One reporter made six attempts over a period of two weeks to get into the gardens, only to be told on one occasion that the garden was closed due to rain.

 Wait… closing a garden due to rain?

So I checked with some of my sources in the city: Dave Yourgrau, Program Director at Startup Institute; Sarah Yourgrau, Producer for Film/TV; and Yogi Shmuel, Real Estate Agent at Douglas Elliman Real Estate. Were any of them aware of public gardens at Trump Tower? No, they were not.

“I have never heard of the gardens, nor do I know of anyone who has,” explained Dave. “Trump properties have a huge reputation of being unavailable to the public.”

Reporters from Salon, Business Insider, Crains New York, Untapped Cities, and aPOPS: Advocates for Privately Owned Public Space who have found a way into the gardens at Trump Tower tell us we’re not missing much. “A handful of hostas, a small maple tree, built-in granite benches, and a garbage can” was one description of the 4th floor garden. On the 5th floor, “A row of seven trees, probably Japanese maple or cherry (four of whom were dead).”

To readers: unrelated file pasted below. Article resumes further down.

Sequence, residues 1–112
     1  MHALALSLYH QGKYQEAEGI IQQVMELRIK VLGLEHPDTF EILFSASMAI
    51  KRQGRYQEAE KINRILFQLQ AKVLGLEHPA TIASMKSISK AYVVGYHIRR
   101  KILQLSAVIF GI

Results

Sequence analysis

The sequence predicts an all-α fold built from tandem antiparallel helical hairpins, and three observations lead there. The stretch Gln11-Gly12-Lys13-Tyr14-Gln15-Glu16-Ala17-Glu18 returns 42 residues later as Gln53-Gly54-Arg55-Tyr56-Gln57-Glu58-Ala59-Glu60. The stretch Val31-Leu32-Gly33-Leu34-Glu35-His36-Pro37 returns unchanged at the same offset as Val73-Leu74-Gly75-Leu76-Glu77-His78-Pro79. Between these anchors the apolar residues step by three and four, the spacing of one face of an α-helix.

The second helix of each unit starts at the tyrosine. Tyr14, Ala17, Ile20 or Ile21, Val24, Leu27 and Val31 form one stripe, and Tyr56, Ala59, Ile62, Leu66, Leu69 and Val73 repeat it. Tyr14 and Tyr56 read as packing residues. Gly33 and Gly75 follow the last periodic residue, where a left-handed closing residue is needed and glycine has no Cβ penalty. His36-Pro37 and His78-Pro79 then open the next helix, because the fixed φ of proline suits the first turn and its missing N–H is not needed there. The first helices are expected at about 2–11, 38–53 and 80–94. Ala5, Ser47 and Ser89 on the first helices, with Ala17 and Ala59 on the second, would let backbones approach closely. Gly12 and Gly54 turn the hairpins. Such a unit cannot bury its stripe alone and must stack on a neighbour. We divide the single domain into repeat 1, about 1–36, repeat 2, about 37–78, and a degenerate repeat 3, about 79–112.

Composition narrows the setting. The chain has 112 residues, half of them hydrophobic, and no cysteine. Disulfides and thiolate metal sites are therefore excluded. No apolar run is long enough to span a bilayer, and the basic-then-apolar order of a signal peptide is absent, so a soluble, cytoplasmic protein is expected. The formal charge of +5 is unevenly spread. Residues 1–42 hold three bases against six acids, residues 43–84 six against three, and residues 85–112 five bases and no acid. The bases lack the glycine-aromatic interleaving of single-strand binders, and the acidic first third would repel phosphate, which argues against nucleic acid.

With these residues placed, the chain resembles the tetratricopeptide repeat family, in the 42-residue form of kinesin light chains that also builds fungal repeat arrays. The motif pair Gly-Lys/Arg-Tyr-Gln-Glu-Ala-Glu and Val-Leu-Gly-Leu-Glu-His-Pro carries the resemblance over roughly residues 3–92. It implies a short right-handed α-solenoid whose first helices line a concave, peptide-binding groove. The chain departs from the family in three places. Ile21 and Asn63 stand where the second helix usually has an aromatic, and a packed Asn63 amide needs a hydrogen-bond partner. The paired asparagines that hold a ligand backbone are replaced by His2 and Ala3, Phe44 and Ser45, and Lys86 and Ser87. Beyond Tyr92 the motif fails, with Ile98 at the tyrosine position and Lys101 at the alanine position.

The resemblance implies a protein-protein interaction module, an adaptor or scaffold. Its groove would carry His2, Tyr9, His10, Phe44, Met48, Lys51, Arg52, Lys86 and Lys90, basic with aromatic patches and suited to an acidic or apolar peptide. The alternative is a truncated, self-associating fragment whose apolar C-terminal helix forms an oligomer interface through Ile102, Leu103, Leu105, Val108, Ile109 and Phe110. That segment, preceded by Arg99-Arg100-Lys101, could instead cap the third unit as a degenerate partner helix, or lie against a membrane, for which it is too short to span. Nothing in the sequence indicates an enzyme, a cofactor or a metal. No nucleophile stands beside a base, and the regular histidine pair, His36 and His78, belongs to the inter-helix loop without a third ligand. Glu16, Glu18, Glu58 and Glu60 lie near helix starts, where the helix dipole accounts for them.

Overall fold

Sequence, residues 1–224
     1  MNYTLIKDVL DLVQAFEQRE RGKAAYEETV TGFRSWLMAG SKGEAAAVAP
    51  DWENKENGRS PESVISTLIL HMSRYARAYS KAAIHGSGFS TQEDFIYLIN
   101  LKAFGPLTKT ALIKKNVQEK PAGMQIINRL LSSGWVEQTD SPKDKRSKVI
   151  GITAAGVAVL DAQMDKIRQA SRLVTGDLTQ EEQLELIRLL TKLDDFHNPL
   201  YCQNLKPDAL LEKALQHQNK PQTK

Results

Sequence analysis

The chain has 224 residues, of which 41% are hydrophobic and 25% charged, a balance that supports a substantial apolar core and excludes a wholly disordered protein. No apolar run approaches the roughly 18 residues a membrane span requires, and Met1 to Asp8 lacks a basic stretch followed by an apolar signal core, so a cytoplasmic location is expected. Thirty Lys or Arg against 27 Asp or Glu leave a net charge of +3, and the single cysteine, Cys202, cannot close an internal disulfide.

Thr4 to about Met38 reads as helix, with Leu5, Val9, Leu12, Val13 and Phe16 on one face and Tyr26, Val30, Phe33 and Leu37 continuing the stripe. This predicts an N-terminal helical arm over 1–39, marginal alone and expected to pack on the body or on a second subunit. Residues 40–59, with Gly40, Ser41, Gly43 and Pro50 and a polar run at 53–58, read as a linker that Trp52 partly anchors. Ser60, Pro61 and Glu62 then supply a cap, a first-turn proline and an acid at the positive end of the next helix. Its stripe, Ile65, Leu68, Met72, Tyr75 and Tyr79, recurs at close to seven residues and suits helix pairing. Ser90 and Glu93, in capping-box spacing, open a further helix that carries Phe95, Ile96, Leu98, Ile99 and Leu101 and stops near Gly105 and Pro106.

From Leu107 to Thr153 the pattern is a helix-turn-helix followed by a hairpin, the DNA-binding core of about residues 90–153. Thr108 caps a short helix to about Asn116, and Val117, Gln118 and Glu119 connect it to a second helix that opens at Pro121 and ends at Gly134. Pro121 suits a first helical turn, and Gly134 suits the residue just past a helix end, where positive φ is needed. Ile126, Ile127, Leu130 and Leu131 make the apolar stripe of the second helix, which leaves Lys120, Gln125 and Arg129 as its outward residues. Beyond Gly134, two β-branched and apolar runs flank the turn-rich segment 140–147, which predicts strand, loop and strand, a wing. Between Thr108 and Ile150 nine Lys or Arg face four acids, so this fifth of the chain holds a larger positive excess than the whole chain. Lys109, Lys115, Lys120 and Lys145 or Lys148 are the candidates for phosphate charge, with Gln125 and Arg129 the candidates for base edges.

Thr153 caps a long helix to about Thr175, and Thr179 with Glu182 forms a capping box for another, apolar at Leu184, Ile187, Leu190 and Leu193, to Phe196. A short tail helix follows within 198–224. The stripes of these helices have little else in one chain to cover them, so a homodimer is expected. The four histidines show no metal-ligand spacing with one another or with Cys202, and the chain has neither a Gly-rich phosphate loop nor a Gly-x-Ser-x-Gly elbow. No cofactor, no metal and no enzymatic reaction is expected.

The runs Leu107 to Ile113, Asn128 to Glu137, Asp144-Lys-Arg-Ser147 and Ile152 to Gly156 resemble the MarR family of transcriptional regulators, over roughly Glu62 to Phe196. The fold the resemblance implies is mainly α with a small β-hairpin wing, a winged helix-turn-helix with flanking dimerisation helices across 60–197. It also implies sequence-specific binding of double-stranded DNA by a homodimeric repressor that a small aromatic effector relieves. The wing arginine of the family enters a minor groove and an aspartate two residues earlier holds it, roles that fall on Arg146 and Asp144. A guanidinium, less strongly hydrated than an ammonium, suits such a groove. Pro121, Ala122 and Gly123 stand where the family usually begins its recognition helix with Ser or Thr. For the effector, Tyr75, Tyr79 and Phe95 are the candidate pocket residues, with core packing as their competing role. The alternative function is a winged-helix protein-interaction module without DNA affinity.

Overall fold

Not the flora and fauna one might expect in a garden, nor the visitors. Is nothing about this man, Donald J. Trump, natural? Has he ever grown so much as a geranium on a windowsill? My guess is he has not. To say nothing of a sense of civic duty. That deal he struck with the city of New York was never much more than a nod to nature on his part.

It was always about the twenty floors.

The importance of urban gardens to city dwellers cannot be stressed enough. Gardens restore both our lungs and our spirit. They provide a sanctuary, a connection and with nature, a sense of season, and an unhurried stillness. Lynden B. Miller, Director of The Conservatory Garden in Central Park observes, “People simply feel better about themselves and their communities when surrounded by beautiful plants.”

And those who plant, or provide a garden, know that they are doing something for the good of the world.

Donald J. Trump is missing this, all of this.